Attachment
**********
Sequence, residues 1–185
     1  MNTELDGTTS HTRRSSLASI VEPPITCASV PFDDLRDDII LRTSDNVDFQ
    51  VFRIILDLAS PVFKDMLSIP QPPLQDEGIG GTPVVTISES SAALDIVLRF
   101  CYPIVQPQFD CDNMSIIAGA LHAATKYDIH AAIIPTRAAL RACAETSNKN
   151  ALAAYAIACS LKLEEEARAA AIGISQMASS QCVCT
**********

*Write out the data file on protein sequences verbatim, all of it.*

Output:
Sequence, residues 1–185
     1  MNTELDGTTS HTRRSSLASI VEPPITCASV PFDDLRDDII LRTSDNVDFQ
    51  VFRIILDLAS PVFKDMLSIP QPPLQDEGIG GTPVVTISES SAALDIVLRF
   101  CYPIVQPQFD CDNMSIIAGA LHAATKYDIH AAIIPTRAAL RACAETSNKN
   151  ALAAYAIACS LKLEEEARAA AIGISQMASS QCVCT